Nicholas L. M. Allen
May 3, 2023
“Something we’re going to have to look at is smaller lots for tiny homes"
At the Municipality of Crowsnest Pass council meeting on April 25, there was a delegation featuring a presentation regarding the 2022 Audited Financial Statements for the municipality.
Municipalities are required under the Municipal Government Act to appoint an external auditing firm according to a summary in the council package. The auditor for the Municipality must then report to council on the annual financial statements and the return of the municipality’s financial information. These reports are then required to be submitted to the Minster of Municipal Affairs it explains.
On the requests for decision were changes to the Fees, Rates and Charges Bylaw, an update on the Wolfstone subdivision and southwest Alberta regional initiatives.
There were two public hearings, one was for a Land Use Bylaw amendment regarding minimum floor area for a single-family dwelling in two different housing districts. The second public hearing was for a Land Use Bylaw amendment to rezone a portion of land from recreation and open space to grouped country residential and another portion from non-urban area to grouped country residential.
The discussion around minimum floor size for dwellings was tied to the size of the property and what was determined to be an appropriate size for a home built there. In the residential (R-1) district it was initially brought forward at 18 per cent of the parcel area or 800 square feet, whichever is larger. In the grouped country residential (GCR-1) district the minimum size was proposed to be between 1800 and 3000 square feet, depending on the size of the property.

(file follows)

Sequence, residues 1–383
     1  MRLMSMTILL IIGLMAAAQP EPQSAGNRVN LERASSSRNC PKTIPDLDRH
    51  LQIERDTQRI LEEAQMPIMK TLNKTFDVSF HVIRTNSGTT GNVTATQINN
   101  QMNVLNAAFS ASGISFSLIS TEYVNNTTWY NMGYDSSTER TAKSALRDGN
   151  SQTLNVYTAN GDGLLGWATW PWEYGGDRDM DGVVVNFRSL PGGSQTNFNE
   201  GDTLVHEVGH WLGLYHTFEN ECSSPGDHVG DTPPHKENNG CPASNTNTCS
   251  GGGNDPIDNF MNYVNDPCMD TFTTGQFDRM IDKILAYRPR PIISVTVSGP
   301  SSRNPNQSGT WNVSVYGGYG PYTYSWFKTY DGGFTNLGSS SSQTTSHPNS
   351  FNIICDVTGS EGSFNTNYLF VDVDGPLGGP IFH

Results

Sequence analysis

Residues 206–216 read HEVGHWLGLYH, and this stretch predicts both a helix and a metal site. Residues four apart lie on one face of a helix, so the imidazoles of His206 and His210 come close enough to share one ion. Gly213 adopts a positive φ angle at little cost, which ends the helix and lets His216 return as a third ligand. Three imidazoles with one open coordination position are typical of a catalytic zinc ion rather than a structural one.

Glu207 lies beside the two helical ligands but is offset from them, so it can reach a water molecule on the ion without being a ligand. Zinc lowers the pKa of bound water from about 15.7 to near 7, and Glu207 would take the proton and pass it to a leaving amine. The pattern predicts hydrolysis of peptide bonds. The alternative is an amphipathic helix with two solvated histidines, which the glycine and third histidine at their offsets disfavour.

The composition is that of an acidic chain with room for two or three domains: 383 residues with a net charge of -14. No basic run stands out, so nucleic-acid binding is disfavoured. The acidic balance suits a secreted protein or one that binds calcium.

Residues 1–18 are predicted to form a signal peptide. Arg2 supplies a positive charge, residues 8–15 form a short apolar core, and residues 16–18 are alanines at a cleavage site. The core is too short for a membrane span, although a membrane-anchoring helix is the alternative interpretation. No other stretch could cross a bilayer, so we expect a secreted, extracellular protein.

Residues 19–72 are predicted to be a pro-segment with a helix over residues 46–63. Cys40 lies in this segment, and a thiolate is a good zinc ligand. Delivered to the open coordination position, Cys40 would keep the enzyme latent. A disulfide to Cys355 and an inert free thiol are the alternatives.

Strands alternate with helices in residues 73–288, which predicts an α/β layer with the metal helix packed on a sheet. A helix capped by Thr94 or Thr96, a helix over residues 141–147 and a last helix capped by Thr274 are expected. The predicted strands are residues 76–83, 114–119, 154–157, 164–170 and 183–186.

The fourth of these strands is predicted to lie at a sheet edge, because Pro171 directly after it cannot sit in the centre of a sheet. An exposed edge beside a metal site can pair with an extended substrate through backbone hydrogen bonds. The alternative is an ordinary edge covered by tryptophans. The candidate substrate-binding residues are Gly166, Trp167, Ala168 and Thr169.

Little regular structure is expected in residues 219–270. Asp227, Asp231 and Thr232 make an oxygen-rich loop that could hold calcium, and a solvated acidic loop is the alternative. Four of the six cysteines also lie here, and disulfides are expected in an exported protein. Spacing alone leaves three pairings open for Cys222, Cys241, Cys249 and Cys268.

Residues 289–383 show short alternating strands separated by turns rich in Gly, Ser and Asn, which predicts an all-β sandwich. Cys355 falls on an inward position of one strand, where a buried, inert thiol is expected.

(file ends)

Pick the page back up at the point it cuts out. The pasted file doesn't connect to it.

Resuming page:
The final numbers that council produced for R-1 was 550 square feet and for GCR-1 it was 1800 square feet for less than three hectares and 2500 square feet for more than three hectares.
“Something we’re going to have to look at is smaller lots for tiny homes. I don’t want to be put in a 300 square foot home on a 4500 square foot lot but there’s reason to talk about 25-foot lots, which would be ideal for a tiny home in my mind,” said councillor Lisa Sygutek.
Administration had the opportunity to review the assessment report of the Wolfstone subdivision and what is required to complete the deficiencies. According to their findings, it will cost approximately $1.3 million to complete the onsite work.
“There’s definitely a number of deficiencies. However, at this point it looks like the general install and infrastructure is fairly adequate,” said CAO Patrick Thomas.
A summary of the work that is required: Sanitary work to remove and replace both holding tanks, flush entire sanitary system and install a frame and cover on one manhole.
There is storm work to be done, including obtaining a right of way with the adjacent landowner for the storm outfall location or relocating the outfall entirely. A flush of the entire storm system will be required and the installation of the appropriate bar screens on culverts and outfalls is still required.
With water, all the hydrants have to be raised above ground and a hydrovac called in to find missing valves on the east end of the development. A total of three valves are missing. Pressure testing the entire system is needed along with relocating the curb stop for Lot 5.
Utilities in the area are “shallow” with ATCO installed and Fortis installed overhead at this time, but Shaw and Telus are not installed. Road work needs to be done with the excavation, grading and re-installation of the roadway in the proper location with installation of curbs and gutters. There also remains offsite water and sewer mains to be resolved.
They moved forward to use $300,000 for the Wolfstone subdivision deficiency project to be funded from the security deposit from the developers. It was noted this will not yet have an impact on the 2024 budget. A motion was put forward to make residents in the subdivision aware of the council’s decision.